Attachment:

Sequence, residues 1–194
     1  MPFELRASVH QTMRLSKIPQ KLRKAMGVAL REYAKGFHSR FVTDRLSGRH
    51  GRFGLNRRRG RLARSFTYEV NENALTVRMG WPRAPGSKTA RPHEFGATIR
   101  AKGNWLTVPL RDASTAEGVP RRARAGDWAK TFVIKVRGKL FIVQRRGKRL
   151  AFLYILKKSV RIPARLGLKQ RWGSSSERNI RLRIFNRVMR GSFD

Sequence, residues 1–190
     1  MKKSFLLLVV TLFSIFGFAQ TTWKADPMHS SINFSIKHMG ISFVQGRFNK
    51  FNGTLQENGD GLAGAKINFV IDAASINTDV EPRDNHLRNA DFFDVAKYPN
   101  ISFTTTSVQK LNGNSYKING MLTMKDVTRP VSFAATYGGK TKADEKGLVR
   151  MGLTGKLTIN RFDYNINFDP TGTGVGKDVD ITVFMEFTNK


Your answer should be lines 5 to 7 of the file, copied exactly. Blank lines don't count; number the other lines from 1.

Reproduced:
   151  AFLYILKKSV RIPARLGLKQ RWGSSSERNI RLRIFNRVMR GSFD

Sequence, residues 1–190
     1  MKKSFLLLVV TLFSIFGFAQ TTWKADPMHS SINFSIKHMG ISFVQGRFNK